“But now things are moving so fast that it’s not just a matter of changing the curriculum,” Mills says. “We have to deal directly with changes in the environment.” That’s why in 2004 the school founded the Donald W. Reynolds Journalism Institute, which is scheduled by 2008 to occupy three buildings — Walter Williams Hall, the former Sociology Building and a new structure linking them.

The institute, an idea factory for creating a new brand of 21st century journalism, doesn’t fit the J-School’s traditional mold of programs that educate students. In fact, Mills calls it a dramatic departure and the first of its kind for any journalism school. One of its missions is to reconnect journalists and citizens and get them working toward good journalism. The other is to re-invent the field by using technology innovatively.

“The idea for the institute comes from the conviction that there is a rupture between citizens and journalists,” Mills says. “The result has been that we have core functions of democracy — dissemination of information, stimulation of debate — that are no longer respected by many citizens. You don’t have to go too far back in history to find the time when journalists were seen as the good guys. I think that’s no longer true.”

For starters, the institute’s staff will work hard to reintroduce citizens and journalists alike to the First Amendment, which protects the right to free speech and makes the free press possible. Mills plans meetings on campus and all over the country to get citizens talking about how journalism does or doesn’t serve them and how to reform it.
To pursue the technology mission, a Journalism Futures Lab in the new addition will be a place where journalists, students and visiting professionals invent the future of journalism, Mills says.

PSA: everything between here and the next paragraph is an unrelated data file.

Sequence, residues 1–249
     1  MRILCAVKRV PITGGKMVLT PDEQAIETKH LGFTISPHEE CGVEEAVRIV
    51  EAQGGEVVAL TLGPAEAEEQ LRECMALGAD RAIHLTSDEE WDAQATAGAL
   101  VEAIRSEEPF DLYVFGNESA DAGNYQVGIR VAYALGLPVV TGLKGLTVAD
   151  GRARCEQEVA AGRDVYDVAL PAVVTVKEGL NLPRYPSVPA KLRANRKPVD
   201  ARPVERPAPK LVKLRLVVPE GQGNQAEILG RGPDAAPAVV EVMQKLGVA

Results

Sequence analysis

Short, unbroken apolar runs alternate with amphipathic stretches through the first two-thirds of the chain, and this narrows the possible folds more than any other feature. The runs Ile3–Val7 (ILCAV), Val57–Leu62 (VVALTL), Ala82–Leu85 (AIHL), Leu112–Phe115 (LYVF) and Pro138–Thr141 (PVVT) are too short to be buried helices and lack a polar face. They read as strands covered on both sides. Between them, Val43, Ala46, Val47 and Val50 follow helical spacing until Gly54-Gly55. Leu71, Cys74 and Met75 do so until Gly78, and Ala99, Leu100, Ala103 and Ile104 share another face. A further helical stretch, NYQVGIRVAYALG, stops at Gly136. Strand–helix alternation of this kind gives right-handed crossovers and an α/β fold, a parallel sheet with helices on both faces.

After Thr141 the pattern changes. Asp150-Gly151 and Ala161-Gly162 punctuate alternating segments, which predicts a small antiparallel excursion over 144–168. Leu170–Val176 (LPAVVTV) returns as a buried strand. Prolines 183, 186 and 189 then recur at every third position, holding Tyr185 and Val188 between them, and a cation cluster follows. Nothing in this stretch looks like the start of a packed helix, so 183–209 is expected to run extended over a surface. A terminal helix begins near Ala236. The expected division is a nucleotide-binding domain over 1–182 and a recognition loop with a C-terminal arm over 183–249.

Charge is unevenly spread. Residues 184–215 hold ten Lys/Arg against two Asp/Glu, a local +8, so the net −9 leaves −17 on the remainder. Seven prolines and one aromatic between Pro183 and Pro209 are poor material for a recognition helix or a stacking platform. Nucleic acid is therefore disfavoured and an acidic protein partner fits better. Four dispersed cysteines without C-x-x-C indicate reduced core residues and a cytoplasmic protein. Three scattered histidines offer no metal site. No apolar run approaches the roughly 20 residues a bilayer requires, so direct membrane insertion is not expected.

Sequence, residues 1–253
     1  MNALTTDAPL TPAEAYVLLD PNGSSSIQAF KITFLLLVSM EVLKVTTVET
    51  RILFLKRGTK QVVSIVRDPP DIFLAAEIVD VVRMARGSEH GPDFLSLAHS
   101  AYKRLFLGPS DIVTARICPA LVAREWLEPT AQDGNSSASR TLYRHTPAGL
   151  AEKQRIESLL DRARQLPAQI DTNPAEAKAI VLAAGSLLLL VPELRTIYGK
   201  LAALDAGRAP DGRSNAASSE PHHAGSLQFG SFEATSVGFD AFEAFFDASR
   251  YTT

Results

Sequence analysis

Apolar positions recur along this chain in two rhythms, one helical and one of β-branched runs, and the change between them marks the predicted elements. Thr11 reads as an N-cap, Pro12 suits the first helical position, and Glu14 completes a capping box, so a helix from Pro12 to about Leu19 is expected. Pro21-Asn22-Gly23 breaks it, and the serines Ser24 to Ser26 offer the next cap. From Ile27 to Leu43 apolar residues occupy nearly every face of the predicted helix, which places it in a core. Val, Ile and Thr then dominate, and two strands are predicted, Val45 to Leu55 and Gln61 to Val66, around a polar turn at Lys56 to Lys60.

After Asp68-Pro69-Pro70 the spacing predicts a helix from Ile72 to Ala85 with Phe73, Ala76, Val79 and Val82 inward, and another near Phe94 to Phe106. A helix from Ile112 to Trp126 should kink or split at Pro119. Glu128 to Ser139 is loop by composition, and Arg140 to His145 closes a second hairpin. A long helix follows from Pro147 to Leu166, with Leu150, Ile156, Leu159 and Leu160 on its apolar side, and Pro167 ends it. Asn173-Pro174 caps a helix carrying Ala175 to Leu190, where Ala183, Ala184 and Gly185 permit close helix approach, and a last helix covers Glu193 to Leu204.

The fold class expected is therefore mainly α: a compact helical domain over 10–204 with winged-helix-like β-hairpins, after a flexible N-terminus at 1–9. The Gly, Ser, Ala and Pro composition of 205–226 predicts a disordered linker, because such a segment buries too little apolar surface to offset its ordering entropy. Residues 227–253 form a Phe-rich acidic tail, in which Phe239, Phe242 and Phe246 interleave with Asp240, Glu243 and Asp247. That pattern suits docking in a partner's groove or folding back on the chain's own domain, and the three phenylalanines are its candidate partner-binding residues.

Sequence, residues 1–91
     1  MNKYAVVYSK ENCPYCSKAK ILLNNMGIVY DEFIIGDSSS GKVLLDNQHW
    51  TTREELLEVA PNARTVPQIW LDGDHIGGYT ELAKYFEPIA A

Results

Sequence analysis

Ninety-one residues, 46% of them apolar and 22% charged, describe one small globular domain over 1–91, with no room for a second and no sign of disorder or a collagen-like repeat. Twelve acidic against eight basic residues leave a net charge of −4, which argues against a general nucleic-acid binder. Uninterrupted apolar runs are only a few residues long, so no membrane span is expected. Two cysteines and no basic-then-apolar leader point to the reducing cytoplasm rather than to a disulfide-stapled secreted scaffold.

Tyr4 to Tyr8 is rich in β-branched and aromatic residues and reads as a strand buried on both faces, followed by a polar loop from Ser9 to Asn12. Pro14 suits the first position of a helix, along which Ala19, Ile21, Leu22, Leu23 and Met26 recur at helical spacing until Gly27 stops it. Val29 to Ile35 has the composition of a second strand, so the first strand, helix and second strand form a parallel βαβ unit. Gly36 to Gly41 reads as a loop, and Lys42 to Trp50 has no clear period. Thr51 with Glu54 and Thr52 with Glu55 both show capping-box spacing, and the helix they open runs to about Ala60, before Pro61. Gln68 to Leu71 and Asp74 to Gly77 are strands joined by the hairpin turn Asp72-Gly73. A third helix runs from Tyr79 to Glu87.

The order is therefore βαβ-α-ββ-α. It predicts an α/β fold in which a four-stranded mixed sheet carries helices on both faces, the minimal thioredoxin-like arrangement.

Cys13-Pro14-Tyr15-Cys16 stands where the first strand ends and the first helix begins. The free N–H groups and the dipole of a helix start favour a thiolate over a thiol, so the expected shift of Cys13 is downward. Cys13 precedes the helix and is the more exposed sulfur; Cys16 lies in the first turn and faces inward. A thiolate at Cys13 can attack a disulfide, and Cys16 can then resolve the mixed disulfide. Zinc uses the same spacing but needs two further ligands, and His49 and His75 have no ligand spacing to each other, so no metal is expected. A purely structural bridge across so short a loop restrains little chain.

“Although they are disruptive and although they have a major impact, the new technologies are, after all, only gadgets. Humans have always adjusted to gadgets.” He cites journeyman reporters for the Gannett newspapers chain who have rejuvenated their careers by taking three-day workshops to learn how to create video stories for their papers’ Web sites.

Closer to home, Roger Fidler, director of digital publishing at the Reynolds institute, is developing a new way to put a nearly unlimited number of newspapers and magazines into a digital “reader” the size of a magazine page. Mills is convinced that this portable device will become standard equipment to replace magazines when its price comes down to $200 from its current $800.

Fidler is working out the software and procedures that would make the readers viable devices for journalism. He also is researching ways in which the digital world opens options for advertising. For instance, in Fidler’s digital newspaper, eMprint, readers could potentially click on a restaurant ad to view the menu, then click on an individual dish to learn about calorie content and more. The sales possibilities grow with each succeeding click.

Is there hope for journalism?

Despite all the gloom and doom, Mills holds out a measured hope.

“Sure, journalism is going to be OK, but OK comes in degrees,” he says. Soon, there may remain only a handful of serious news outlets, and they may no longer hold a mass audience that consumes the day’s events and the advertising that pays for it. “That part is genuinely scary,” he says.

“But I’m confident that at least the slivers of audiences will be interested enough and will need good journalism, and I have no doubt whatsoever that there will be journalists who want to deliver it. We just have to figure out how to finance it in this new environment.”